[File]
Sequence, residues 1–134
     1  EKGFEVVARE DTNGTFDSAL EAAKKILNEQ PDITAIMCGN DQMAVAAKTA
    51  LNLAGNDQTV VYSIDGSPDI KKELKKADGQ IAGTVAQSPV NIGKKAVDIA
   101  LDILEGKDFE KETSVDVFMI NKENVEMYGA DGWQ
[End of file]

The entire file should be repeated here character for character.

Sequence, residues 1–134
     1  EKGFEVVARE DTNGTFDSAL EAAKKILNEQ PDITAIMCGN DQMAVAAKTA
    51  LNLAGNDQTV VYSIDGSPDI KKELKKADGQ IAGTVAQSPV NIGKKAVDIA
   101  LDILEGKDFE KETSVDVFMI NKENVEMYGA DGWQ